Rudans wasn’t exactly a Viking–he was born in Latvia in 1933–but his larger-than-life story merited a hero’s sendoff, art-style. A refugee who suffered through World War II in a displaced-persons’ camp with his family, he landed in the United States as a teenager in 1949. In short order, he joined the Army, got his citizenship, studied art at the University of Wisconsin, became an art professor and then confounded his immigrant success story by dropping out to do art–and nothing but.
Art took precedence over living. On a visit I paid in 2000, paintings were stacked up against the walls in piles so deep that they had almost taken over the living room, leaving only a narrow space for a single bed. Giant skeletal sculptures of a man and dog occupied what must have once been a bedroom.
Paintings featuring images alternating between lovely Rousseau-like nudes and lecherous priests covered the walls, in between the heads of angels and devils carved out of scrap wood. Rudans would make art with whatever materials he could find.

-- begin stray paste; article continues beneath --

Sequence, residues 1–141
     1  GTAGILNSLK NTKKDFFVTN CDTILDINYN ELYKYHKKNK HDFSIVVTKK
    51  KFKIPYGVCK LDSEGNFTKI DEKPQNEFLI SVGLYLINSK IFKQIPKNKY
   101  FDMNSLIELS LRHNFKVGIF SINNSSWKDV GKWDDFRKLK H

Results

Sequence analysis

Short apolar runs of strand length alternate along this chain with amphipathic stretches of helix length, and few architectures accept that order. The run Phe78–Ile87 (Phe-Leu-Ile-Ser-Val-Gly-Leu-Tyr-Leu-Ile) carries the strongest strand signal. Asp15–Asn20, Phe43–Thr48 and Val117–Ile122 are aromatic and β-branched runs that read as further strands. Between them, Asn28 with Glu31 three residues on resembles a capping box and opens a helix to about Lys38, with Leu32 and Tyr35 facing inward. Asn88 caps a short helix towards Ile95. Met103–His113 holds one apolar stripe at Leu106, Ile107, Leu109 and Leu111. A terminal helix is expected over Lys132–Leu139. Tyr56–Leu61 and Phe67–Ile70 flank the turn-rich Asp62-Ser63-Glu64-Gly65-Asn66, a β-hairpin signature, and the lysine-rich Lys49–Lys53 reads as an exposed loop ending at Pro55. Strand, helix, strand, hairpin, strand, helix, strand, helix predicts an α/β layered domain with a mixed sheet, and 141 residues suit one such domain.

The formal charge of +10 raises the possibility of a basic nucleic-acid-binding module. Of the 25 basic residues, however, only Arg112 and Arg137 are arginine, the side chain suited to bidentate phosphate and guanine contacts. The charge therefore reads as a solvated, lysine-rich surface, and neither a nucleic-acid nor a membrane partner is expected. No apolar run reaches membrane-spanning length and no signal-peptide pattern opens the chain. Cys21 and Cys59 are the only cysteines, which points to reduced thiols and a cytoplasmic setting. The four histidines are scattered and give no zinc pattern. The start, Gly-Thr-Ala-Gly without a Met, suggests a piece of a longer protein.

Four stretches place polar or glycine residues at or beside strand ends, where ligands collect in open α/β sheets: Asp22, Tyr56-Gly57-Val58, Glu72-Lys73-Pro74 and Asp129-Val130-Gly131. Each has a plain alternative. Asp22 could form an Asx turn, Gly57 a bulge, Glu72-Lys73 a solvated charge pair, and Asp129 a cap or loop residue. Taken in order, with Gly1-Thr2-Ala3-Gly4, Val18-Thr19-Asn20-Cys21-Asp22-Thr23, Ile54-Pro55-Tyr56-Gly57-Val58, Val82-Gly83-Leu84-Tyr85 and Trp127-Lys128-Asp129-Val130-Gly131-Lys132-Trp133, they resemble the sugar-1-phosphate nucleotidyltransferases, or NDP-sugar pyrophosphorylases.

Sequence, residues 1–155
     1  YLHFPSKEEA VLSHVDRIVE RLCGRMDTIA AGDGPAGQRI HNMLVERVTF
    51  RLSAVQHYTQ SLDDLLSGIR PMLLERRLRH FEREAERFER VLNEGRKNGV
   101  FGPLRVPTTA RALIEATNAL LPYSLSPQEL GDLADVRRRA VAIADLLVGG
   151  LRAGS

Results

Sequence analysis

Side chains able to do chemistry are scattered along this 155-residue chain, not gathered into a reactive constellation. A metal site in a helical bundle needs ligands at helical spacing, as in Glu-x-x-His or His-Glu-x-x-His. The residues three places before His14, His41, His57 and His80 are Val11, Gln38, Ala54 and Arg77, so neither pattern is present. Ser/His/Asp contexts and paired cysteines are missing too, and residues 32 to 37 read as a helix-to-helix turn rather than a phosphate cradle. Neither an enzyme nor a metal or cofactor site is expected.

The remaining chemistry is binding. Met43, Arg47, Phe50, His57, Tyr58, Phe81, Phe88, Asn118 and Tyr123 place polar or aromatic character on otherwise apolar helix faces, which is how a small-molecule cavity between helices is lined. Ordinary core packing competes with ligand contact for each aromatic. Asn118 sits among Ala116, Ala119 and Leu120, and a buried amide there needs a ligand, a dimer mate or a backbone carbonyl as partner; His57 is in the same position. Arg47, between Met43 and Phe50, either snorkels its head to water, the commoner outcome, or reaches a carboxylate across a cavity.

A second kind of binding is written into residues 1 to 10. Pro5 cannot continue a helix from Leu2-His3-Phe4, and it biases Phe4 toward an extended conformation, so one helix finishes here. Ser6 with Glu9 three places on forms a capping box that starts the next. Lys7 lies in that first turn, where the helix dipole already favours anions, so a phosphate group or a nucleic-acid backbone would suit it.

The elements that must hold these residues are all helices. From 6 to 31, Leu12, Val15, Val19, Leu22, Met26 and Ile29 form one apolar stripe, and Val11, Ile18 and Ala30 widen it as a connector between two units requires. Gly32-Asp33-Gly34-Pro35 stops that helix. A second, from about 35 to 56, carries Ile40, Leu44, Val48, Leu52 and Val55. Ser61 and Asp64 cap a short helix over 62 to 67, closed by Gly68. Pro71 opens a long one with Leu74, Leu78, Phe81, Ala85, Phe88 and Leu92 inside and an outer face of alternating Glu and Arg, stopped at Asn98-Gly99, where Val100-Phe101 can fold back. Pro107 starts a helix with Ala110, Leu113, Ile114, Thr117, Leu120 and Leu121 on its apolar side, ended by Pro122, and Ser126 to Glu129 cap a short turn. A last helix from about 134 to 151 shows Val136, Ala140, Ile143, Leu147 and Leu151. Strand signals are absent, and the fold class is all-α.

Rudans loved painting the female nude, and often pictured women in gardens overflowing with flowers and fruits. But even progressive types occasionally balked at Rudans’ unapologetic sexual imagery. Back in 1990, patrons at Club Congress were so angry about an explicit female nude hung above the bar that the painting eventually was removed. And Rudans delighted in attaching big wooden penises to many of his sculptures.